Wang Dang, sweet fruit tang…
I’m dating myself again, I like Ted Nugent, too.
Ahhh, fruit what can I say? Everybody likes fruit in one form or another. We eat a lot of fruit. Breakfast, lunch and dinner, it seems like we never have enough. We buy extra fruit of different kinds that don’t grow well here, like apricots, nectarines and peaches. Our fruit season starts with rhubarb, and ends with winter apples.
I can fruit for quick snacks and lunches, and I freeze fruit for pies, crisps, cobblers and smoothies. We also eat a lot of frozen fruit when it is half thawed out, in that state, it is like how I wished popsicles tasted as a kid. Sometimes, the frozen fruit becomes jam later, when I have more time. We try to grow as much as we can, but we never turn down a good deal on fruit.
Berries grow well here, and the woods are full of blackberries, red and black huckleberries, black raspberries, thimble berries, and salmon berries. Most we just eat as we find them, except the blackberries, which we try to pick enough for the freezer, since they are everywhere anyway.
The dreaded Himalayan Blackberry!
These babies are done. This is Meeker, it puts on a large crop for processing. We put up 36 quarts for the freezer. This is probably our favorite berry. We have a small row of ever bearing raspberries that I cut down in the spring and they produce a fall crop for fresh eating.
Elizabeth blueberries. We have several varieties of blueberries that ripen over the season. Ivanhoe and Elizabeth have the best flavor, but Jersey and Bluecrop are very productive, so if your space is limited, you have to decide what quality you want most in a berry. So far, we have frozen 32 quarts.
Berries are the easiest to process, no washing, just pop in the freezer and you’re done. If you are growing your own, or even picking at a u-pick farm, the berries shouldn’t need washing.
My girlfriend in grade school lived on a blueberry farm. After picking, our job was to clean the blueberries and get them ready for the commercial accounts. They had a V-shaped trough, that was slanted and covered with a sheet. We would pour the berry bumpers out on the trough and the berries would roll down into crates. The sheet would attract blossom ends and leaves, and the berries would be clean and ready for the store.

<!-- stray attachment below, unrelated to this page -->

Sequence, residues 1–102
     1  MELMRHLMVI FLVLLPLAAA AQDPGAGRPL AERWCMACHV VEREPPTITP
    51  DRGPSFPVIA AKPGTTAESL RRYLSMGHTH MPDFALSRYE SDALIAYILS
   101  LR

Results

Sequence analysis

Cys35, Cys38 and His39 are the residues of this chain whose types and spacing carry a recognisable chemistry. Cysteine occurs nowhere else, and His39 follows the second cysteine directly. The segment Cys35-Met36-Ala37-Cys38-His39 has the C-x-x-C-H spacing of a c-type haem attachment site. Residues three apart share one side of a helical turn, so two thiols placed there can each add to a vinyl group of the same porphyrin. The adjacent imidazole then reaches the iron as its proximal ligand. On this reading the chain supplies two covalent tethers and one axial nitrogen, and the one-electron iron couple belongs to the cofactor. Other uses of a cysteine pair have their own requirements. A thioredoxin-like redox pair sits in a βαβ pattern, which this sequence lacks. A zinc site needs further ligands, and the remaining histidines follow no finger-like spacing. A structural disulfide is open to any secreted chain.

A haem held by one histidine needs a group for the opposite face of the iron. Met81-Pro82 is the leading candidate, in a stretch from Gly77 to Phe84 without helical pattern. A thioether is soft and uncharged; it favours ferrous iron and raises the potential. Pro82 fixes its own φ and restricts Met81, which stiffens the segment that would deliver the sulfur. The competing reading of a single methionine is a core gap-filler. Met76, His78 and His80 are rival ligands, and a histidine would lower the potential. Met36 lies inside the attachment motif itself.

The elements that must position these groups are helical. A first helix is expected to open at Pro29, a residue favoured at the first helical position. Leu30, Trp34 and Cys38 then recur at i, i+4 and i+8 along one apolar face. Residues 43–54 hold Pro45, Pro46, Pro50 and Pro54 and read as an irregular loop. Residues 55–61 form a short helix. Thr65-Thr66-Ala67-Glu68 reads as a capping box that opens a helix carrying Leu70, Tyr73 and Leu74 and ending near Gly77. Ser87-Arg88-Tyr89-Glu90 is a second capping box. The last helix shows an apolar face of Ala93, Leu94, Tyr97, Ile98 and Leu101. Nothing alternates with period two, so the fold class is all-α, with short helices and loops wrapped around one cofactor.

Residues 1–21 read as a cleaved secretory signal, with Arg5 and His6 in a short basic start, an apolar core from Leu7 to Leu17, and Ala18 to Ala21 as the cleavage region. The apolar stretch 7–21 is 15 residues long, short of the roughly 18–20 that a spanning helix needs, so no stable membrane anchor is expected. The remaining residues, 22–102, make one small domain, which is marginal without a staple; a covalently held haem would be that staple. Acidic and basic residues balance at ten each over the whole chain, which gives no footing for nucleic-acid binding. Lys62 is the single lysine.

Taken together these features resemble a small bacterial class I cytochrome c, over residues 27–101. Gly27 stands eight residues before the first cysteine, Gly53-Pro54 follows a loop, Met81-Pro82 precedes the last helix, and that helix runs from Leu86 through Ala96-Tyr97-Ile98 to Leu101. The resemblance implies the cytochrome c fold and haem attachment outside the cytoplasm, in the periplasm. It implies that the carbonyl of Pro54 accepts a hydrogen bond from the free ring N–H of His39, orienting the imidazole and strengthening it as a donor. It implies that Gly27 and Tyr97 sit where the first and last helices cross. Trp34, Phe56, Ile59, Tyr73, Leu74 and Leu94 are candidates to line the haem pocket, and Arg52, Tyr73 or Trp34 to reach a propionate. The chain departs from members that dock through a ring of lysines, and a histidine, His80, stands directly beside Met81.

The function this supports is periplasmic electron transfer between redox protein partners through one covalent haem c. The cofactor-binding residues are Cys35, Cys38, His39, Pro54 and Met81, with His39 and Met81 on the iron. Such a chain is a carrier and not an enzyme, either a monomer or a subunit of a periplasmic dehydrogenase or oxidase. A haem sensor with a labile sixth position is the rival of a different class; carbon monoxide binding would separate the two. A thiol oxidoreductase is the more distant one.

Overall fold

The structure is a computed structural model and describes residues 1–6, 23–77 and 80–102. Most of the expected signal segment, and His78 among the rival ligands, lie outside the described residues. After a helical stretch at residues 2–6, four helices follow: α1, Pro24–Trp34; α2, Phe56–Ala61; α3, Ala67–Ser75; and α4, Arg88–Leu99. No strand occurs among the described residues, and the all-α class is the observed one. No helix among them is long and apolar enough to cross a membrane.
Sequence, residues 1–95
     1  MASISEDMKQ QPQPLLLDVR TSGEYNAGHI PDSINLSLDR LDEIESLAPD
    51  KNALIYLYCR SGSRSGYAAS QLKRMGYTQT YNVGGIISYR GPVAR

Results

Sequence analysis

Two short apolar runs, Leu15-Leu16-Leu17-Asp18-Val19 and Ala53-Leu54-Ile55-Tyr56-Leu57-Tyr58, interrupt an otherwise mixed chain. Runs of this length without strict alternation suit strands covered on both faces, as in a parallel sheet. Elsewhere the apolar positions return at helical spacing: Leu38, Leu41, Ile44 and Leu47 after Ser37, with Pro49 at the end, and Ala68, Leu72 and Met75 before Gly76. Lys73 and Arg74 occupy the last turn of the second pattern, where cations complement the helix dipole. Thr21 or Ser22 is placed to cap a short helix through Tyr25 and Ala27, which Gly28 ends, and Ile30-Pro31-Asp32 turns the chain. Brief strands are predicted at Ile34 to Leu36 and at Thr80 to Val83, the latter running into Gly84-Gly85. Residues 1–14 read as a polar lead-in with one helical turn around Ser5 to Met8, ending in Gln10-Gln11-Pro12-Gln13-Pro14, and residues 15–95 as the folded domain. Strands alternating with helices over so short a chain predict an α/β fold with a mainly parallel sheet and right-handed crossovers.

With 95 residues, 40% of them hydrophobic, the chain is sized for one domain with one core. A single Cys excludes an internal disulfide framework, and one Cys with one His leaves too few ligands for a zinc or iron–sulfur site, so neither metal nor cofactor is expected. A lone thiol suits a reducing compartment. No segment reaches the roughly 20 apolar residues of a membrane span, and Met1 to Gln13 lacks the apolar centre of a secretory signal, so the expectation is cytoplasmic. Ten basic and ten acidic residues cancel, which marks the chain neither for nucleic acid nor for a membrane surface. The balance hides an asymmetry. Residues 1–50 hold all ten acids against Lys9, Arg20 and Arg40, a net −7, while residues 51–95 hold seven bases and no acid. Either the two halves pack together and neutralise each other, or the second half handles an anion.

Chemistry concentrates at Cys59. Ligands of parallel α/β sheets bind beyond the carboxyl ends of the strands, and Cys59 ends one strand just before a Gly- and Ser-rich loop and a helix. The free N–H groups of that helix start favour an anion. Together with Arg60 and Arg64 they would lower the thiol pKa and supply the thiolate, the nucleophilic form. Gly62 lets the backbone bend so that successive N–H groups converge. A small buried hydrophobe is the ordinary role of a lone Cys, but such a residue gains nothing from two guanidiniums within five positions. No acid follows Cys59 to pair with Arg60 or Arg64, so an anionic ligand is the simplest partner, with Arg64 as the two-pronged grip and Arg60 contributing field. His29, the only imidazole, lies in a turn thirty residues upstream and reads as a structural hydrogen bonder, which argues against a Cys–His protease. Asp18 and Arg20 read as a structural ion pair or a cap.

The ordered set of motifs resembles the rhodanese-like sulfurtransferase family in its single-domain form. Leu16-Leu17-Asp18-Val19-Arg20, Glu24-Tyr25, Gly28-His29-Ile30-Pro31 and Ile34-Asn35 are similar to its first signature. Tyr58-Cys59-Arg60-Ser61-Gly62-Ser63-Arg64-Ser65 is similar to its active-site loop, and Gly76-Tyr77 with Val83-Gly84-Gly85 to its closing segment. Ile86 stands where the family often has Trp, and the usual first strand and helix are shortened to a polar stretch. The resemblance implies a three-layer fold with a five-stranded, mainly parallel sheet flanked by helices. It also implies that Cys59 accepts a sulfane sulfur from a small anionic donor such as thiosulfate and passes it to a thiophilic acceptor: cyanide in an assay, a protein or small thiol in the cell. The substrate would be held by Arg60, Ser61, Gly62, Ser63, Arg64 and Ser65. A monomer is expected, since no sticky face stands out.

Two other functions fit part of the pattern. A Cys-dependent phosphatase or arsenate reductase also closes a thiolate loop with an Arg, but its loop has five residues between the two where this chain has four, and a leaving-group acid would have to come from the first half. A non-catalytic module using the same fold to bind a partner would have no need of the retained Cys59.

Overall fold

Pacific berries, these are an experimental cross from the 50′s, that never took off commercially. Now the Marionberry is the sought after berry. But, I got these from my gardening mentors, and I want to keep these going. They are hard to grow, not liking any kind of human intervention or training. These have climbed into the blueberry bushes, so I have left them. The flavor is amazing, similar to the Pacific Trailing wild dewberry. The only thing is finding a dog that will help you detect ripe ones. Thanks Trace
Italian Prune. IMHO the best prune for drying. These are good canned too. I would rather eat them than candy, and that is saying a lot.
Northern Spy. Good eating, cooking, and keeping apple.
Remember those little sticks? Here they are! The apples and pears are doing good. The cherries were a total failure. Oh well, next year… .
Bartlett Pears. Our wet spring weather sometimes prevents pollination of pears, apples and prunes. When we have a good crop, I can, freeze or dry all that we have. It may be several years before we get a good fruit set, and canned fruit will keep for several years.
Annanasnaja Hardy Kiwi. These are hardy to -25 F. Very productive with an unusual flavor.
Last year I made jam from them, following the Ball Blue Book recipe. Before I processed the jam, I tasted it, and it was so-so. I was going to feed it to the pigs. I felt sorry for all the people I had given it to for Christmas. Before giving it to the pigs, I tasted it the other day.
I MADE A MISTAKE!! It is great. Sorry pigs
The Christmas cabinet. The green snot-like jars are the kiwi jam. (Maybe I should come up with a better description.) I will make more, it tasted so good.
Tettnanger hops. Not technically fruit, but they need picking so I included them. Good for the obvious, and sleep pillows too.
This isn’t an exhaustive list by any means, but gives you an idea of the diversity of our fruit supply. If you’re planning your fruit supply, or orchard, pick different varieties of each fruit that will allow you to pick fruit over an extended period. You will want types that are good for preserving and types that are good for fresh eating. And, if you plant a broad array of fruit, if you have a bad year for pollination, at least you will have something.